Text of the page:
5. There were also much harder and more brittle samples of Chalk at the Dinnington site. These harder samples have probably suffered from severe compression due to earth movements and one piece also shows striations indicating differential movement, possibly associated with faulting. The lumps seemed rather big for tesserae. It is important to remember that Chalk was also used for liming fields. However that may be, Alan Graham reports (pers. comm.) that there were two styles of mosaic at Dinnington – the Corinium and Dorchester ‘schools’. The harder sample of Chalk may have come from the ‘Dorchester school’ mosaic. If this is so, it may have come from a Chalk outcrop on Purbeck. Dr M.E. Jones has reported on ‘White tesserae from Roman Dorchester’ (Proceedings of the Dorset Natural History and Archaeological Society, 110, 160-1), in which very similar hardened Chalk is described. He concludes that ‘The samples are definitely Chalk, most probably Middle or Upper Chalk (they contain no clay). This chalk is unusual in so far as it has undergone a rather complex diagenetic history which is similar to that of the Purbeck ridge …… The same Chalk at Stonehill Down, shows a major stylolite surface, and numerous fractures which are related to the intense deformation and to the passage of pore fluid through the rock. The tesserae samples almost certainly came from an outcrop of the material at Stonehill Down, or its equivalent.’
  6. Thin, well-bedded, laminar, fissile, fine grain-size, muddy, grey, clayey limestone/mudstone. A visit to the now worked-out Station Quarry at Charlton Mackrell has demonstrated that the lowest strata show beds that are identical to tesserae and stone tiles from Lopen. There is a perfect match with both. These beds belong to the Blue Lias Formation, the latter term referring to a collection of rocks of distinctive character that can be mapped. Much of the Blue Lias, as seen at Lyme Regis and the Somerset coast at Kilve, consists of alternating beds of limestones, mudstones and dark shales. However, the lowest beds are much thinner, and split into thin, even, laminated sheets. They are very fine grained. They represent pulses of limey mud deposited in non-turbulent seas. They tend to be grey, blue or off-white. The tops, bottoms and sides usually weather to a yellowish-brown colour owing to the effects of weathering. The colours are the result of the incorporation of sulphide bearing clays. The tile stones tend to be some 12mm thick whilst the tesserae are 20mm. There have been many quarries in the Blue Lias in the past that could have supplied these beds in the Langport – Somerton area.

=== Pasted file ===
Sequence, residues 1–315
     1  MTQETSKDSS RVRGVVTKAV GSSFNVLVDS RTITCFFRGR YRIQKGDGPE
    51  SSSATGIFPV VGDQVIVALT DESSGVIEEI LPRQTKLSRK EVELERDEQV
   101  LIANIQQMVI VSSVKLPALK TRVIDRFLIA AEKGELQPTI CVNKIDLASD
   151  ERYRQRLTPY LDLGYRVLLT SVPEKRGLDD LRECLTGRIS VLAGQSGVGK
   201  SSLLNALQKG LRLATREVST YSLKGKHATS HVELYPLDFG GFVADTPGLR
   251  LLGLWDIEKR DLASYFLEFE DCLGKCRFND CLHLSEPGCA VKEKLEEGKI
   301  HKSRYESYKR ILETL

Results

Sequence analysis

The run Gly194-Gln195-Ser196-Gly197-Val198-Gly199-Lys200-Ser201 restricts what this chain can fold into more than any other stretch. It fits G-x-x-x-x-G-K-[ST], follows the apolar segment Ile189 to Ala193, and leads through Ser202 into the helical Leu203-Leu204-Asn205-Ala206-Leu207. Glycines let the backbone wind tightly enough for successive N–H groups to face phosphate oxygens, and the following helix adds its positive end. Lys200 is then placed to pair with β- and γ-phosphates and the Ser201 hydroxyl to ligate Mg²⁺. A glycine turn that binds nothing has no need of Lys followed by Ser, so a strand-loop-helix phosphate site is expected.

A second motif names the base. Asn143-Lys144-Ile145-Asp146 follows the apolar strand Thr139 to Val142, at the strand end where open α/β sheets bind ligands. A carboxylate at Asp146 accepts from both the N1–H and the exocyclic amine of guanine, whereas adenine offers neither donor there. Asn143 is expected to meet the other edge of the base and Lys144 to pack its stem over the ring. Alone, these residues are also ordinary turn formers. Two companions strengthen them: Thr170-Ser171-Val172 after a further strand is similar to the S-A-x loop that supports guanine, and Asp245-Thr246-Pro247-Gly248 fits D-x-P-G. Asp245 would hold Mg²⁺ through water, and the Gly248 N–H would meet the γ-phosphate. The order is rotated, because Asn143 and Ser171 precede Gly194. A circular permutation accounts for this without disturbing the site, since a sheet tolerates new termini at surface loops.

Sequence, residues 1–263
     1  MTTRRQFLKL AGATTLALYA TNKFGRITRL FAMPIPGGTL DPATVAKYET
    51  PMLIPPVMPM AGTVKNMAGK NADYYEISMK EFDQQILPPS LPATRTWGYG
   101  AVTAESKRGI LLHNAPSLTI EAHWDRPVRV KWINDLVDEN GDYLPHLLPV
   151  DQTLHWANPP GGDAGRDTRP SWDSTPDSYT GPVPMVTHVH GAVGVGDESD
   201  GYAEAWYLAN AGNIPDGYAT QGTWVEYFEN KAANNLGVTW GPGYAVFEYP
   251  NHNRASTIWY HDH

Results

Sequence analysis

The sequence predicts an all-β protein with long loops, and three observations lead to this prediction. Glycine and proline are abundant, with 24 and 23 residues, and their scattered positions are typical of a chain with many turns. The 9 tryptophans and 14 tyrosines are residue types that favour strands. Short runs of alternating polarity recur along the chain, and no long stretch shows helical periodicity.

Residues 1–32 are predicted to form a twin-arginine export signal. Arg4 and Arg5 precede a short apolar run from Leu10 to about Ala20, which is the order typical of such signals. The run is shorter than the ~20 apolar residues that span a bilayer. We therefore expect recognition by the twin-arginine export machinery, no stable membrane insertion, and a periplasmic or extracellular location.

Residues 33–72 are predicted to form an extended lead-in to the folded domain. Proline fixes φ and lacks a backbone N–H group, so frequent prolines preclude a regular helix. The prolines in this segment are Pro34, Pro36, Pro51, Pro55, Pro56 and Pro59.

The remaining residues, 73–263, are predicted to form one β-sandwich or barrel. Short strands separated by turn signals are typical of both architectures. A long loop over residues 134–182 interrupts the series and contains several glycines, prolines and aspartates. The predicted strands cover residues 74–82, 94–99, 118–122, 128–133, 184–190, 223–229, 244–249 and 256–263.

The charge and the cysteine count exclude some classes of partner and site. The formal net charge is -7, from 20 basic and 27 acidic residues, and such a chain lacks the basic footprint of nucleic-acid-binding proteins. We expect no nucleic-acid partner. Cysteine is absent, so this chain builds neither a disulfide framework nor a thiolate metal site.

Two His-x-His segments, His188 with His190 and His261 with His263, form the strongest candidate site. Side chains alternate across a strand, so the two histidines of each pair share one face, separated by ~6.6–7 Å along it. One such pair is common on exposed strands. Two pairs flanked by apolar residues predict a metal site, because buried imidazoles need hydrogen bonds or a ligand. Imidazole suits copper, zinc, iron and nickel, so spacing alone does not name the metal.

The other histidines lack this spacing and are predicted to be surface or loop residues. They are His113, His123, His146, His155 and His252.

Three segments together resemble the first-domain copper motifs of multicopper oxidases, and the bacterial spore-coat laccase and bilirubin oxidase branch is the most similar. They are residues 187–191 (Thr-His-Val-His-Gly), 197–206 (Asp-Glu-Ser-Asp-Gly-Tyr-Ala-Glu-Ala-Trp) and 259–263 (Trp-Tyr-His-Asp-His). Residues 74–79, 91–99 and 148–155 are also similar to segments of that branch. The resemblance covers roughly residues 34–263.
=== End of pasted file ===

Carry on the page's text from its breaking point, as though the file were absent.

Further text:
7. It is possible that thin beds from the White Lias were used for tesserae by the Romans. Can the tesserae from the Blue Lias and the White Lias be distinguished? The latter beds tend to have a whiter, more creamy outer surface whereas the Blue Lias beds tend to be off-white, grey or blue; many are blue-hearted. A fresh surface of a split piece of White Lias, observed with a hand lens, shows a marble-like recrystallised character and is pale fawn or creamy in colour. A fresh surface of Blue Lias may appear crystalline but is a ‘muddier’ fawn and/or grey colour; some have a more earthy texture. Other beds are distinctly blue-grey. It must be remembered that each bed in the White and Blue Lias has its own unique set of characteristics with regard to thickness, colour, texture, grain size, composition and fossil content. The Dinnington and Lopen samples appear to come from the Blue Lias.

The mortar

  1. The mortar contains smooth, well-rounded, very coarse white, translucent sand grains probably derived from the Upper Greensand. The mortar also contains a lot of angular, small flint chips, possibly ‘sweepings’ or sievings or broken with a hammer?